AI for Smartness: Moving Up the IoT Value Chain


Curated by Vinay Prabhakar Minj 

“We should not just focus on making products smart as the end goal, we should  also move up the value chain”

The combination of Augmented Intelligence (AI) and Internet of Things (IoT) is something that is very much talked about now and is touted to be the future of technology industry. Thanks to these emerging technologies, things will change a lot in the next decade, improving our standard of living.

Today we have already entered the fourth revolution of industry (Industry 4.0). If we look back, the maturity curve started with the steam engine and the industrial revolution. After the discovery of electricity, we started doing things in a better way. In the late 1700s, late 1800s and mid-1900s, that maturity curve continued to grow. And when we finally entered the fourth generation in the early 2000s, the entire misnomers that we were being previously talking about changed. Now, people talk about IoT, AI and cyber-physical systems that can self-correct, take decisions on its own and make a difference.

How IoT can add value to a manufacturing company

In several manufacturing facilities, you may see old machines that have been running for more than 40 years along with some not-so-old ones which got added at the end of every decade. They all belong to different generations. While some may have an excellent framework and some could be controlled from a cloud, there may be machines that need to be attended by a technician to make it work. But since this entire data is not stored in the cloud, it is not easy to replace such machines altogether without showing that there is a big value to it.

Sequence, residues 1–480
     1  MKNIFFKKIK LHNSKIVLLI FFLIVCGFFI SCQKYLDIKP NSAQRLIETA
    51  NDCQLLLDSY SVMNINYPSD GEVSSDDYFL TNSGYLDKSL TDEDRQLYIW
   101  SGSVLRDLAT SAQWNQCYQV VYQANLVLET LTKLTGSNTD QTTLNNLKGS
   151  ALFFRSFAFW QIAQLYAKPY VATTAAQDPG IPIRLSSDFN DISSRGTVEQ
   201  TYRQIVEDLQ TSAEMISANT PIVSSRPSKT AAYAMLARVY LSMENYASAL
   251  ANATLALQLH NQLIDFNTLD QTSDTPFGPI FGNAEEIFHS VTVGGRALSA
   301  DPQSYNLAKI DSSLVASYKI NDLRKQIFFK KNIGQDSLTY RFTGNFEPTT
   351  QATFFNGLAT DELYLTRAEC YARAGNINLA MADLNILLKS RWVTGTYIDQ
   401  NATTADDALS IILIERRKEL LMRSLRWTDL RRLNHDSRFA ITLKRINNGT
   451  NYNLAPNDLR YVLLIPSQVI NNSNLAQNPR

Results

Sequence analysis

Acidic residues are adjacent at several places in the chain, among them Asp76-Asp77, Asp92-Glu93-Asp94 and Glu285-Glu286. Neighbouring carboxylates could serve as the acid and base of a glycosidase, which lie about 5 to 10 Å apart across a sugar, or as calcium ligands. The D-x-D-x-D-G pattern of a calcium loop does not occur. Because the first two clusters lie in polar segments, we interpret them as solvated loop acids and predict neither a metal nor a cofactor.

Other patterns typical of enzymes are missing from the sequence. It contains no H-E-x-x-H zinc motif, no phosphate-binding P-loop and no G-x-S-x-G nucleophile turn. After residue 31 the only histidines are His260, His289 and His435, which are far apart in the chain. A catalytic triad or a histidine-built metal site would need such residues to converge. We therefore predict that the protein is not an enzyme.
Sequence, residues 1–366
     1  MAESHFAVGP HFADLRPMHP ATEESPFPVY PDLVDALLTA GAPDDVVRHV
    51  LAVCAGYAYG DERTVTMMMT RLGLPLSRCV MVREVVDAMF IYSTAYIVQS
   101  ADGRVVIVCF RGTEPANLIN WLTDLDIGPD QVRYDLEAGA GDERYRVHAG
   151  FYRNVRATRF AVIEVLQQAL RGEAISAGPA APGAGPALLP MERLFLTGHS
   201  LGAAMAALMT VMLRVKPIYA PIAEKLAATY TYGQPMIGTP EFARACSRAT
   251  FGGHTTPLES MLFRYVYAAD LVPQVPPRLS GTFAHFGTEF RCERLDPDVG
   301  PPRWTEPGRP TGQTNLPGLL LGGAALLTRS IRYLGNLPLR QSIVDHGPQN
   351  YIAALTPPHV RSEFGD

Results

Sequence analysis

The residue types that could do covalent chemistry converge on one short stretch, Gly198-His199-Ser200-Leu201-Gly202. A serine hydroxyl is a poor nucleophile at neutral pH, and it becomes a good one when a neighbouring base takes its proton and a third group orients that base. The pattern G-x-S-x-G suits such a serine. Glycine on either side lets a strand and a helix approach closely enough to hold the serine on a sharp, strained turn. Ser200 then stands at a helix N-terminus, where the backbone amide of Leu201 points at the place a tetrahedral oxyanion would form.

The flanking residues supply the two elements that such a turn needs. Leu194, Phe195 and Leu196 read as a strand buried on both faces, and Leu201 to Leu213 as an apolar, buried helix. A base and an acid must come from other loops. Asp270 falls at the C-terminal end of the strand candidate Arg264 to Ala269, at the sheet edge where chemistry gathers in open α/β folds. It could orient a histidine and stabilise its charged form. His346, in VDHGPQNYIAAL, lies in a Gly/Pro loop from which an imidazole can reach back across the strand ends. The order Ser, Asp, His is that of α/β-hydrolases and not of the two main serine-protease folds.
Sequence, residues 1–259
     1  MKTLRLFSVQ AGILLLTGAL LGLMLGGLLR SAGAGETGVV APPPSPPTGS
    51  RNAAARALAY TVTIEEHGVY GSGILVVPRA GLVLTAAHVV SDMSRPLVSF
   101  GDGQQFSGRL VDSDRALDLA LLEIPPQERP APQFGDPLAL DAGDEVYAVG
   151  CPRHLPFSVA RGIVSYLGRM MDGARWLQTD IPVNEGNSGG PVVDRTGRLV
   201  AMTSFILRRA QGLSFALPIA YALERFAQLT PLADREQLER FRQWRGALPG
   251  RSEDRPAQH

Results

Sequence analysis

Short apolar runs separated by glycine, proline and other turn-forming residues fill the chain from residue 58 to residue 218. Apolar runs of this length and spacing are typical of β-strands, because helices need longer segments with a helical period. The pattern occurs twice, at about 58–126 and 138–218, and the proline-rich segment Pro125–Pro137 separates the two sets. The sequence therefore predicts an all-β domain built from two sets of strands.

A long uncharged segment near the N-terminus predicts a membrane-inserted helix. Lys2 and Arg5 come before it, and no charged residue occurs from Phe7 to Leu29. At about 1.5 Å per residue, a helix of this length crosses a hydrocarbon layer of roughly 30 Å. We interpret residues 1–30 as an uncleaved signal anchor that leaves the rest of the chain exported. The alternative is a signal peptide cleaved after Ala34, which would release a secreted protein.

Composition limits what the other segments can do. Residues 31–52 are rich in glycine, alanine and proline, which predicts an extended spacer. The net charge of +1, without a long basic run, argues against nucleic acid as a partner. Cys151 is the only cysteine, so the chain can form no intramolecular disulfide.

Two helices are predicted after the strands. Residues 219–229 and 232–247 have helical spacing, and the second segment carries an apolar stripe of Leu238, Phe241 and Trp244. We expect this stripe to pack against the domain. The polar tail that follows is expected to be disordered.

To solve the above problem, we first need the Enterprise Asset Management (EAM) system which has the maintenance log of that particular machine. All we have to do is to pull out all the previous maintenance records, take the data from these machines and put it into a simple time-series model.

By doing this, you can predict the maintenance cycles or warranty of the machine. This way, a manufacturing company was able to save about 17 percent operational cost. This is the value IoT can add to a manufacturing company.  

The term smartness cannot be generalised, but technology like neural networks can help in infusing more intelligence into the system and raise the level of smartness to a completely different level. 

IoT and data

The smarter ecosystem concept is all about data, and when you talk about data, it is all about IoT. We analyse the data to find patterns, which help us to create predictive, prescriptive and descriptive models, i.e. AI or Augmented Intelligence. And when the model becomes self-correcting and adoptive (meaning when it is able to correct the machine by itself pre-empting the error conditions), you have achieved a successful system. This collaboration makes the process much more seamless and intelligent.

Smarter cities

Everybody talks about smarter cities nowadays. The concept of smart cities started around a decade back. From the past two years, this concept is being talked about a lot in India. Still, this concept is at a basic level and hasn’t blown out of proportion in changing the world. Some reasons behind this are socio-cultural causes and disparate data sources.

A major reason hindering the growth of this concept is our inability to talk about it on the same platform. For example, a smart city proposal coming from Singapore will differ from the one coming from Bangalore. The two proposals talk at two different levels. The concept coming from Singapore will begin with providing fundamental facilities like 24 x 7 electricity and water. But this concept can only be an end-goal from the Indian perspective. So, how smart am I is my own definition and that’s where the cities differ. To be precise, every city intends to become smart in their own ways and so there cannot be a common smart city proposal and pattern.